Post a Comment

Popular posts from this blog

On love and attachments.

Learning to live without the person whom we loved more than our life is one of the toughest things we humans experience during our life.
Almost every moment of our day we spend in their shadows, enveloped in their love; we don't even realise when they became an extension of our selves. We come to accept them along with their flaws, their peculiarities, which often have the potential to drain us of our patience. Yet, we love them, unconditionally, at times wondering how we survived before they entered our world. Often, we also wonder how we will ever survive after they leave our world.

The human mind is such.  Its ability to give birth to a thought and then mull over it however unpleasant it may be, is quite baffling! We realise we stand to lose our sanity if we don't get rid of that negative thought; we understand how important it is to live in the moment and enjoy it with the loved ones we fear losing someday, yet we keep worrying ourselves to death about what would happen t…

You are The Man!

I admit, I am late in discussing this event, but did you watch the controversial 'Koffee with Karan' episode, two weeks ago? The one where the ubertalented Kangana Ranaut and Saif Ali Khan were Karan Johar's guests on his famous couch, sipping coffee along with him? Did you notice Kangana's confidence and her sassiness?   Do you remember her repartees, her jibes, her ripostes that were well-aimed at Mr. Johar? How fearlessly she spoke her mind without mincing words! And, she was in conversation with one of the Big Daddies of Bollywood.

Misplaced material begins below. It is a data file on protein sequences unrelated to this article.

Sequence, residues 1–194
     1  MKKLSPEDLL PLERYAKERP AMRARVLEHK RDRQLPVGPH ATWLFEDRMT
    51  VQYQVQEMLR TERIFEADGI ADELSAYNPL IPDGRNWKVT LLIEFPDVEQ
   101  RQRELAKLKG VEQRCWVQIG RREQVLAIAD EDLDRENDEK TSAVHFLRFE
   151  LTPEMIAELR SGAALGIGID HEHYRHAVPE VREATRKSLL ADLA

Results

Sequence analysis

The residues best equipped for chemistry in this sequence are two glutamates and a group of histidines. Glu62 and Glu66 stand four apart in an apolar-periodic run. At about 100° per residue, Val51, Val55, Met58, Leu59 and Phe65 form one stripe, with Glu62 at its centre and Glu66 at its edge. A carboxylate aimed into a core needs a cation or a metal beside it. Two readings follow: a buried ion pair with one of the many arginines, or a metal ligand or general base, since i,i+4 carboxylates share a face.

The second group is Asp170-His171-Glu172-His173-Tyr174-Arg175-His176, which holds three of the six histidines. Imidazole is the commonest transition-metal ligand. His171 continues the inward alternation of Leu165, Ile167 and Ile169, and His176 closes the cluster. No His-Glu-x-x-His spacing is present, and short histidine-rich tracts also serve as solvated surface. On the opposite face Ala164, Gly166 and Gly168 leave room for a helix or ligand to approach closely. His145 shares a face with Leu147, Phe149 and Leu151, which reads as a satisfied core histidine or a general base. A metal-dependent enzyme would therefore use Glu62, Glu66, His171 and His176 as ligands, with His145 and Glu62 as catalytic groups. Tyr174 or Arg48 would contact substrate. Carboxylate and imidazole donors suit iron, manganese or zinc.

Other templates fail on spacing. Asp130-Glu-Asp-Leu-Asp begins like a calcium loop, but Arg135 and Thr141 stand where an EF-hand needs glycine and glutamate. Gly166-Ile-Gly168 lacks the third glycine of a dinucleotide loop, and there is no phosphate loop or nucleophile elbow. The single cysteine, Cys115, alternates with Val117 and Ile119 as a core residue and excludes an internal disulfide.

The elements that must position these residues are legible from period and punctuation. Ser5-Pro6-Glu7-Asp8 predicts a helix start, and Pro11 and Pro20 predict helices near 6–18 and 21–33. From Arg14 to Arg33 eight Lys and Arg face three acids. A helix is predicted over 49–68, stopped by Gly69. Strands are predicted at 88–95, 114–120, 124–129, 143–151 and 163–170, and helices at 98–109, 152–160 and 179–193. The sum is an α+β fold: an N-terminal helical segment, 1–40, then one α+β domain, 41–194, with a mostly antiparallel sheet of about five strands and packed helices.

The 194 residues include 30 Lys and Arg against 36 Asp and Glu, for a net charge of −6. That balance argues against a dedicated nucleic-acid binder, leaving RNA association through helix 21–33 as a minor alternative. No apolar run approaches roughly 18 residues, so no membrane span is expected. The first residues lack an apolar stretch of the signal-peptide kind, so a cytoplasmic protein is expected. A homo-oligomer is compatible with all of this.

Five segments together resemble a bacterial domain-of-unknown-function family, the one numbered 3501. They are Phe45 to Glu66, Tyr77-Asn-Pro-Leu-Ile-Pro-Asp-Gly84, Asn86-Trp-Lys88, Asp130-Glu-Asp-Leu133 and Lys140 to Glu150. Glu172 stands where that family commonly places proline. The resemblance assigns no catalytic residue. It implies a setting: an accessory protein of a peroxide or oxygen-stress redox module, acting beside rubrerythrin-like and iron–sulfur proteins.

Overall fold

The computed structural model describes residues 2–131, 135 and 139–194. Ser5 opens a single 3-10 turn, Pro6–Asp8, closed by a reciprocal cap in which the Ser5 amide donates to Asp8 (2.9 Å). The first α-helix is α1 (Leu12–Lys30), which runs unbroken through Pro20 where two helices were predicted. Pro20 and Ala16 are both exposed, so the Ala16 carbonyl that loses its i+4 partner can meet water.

I confess, I am an admirer of Ms. Ranaut, and I was blown away by her candour. The fact that she gave two hoots about diplomacy, and about the men in power in the hindi film industry,  shows how self-assured she is. She wasn't born into the industry, with a silver spoon; she entered the industry as an "outsider", who, despite being written off by the industry bigwigs, worked her way up the very competitive ladder, right to…

MOM - Film Review.

Starring: Sridevi, Akshaye Khanna, Nawazuddin Siddiqui.

Director: Ravi Udyawar

Music: A.R. Rahman.

Rating: 4/5

Because God couldn't be everywhere, He created Mother. A line from the movie, it could very well sum up the movie for you. Sridevi couldn't have chosen a better subject for her 300th film. I haven't been a diehard Sridevi fan, but her last film, English Vinglish, changed my opinion of her and that's the reason I simply wanted to see MOM, right on the day it released.

MOM is emotional; MOM is electrifying; MOM is hard-hitting; MOM is riveting, right till the end.  In short, MOM is Sridevi. This could very well be the review in a nutshell, but there's more I would love to talk about.

Devki Sabarwal (Sridevi) is a school teacher, the kind one can never mess with, whoever you may be. However, at home, she struggles to bond with her 18 year old step-daughter, Arya (Sajal Ali). The quiet acceptance and the sensitivity with which she accepts the cold vibes she r…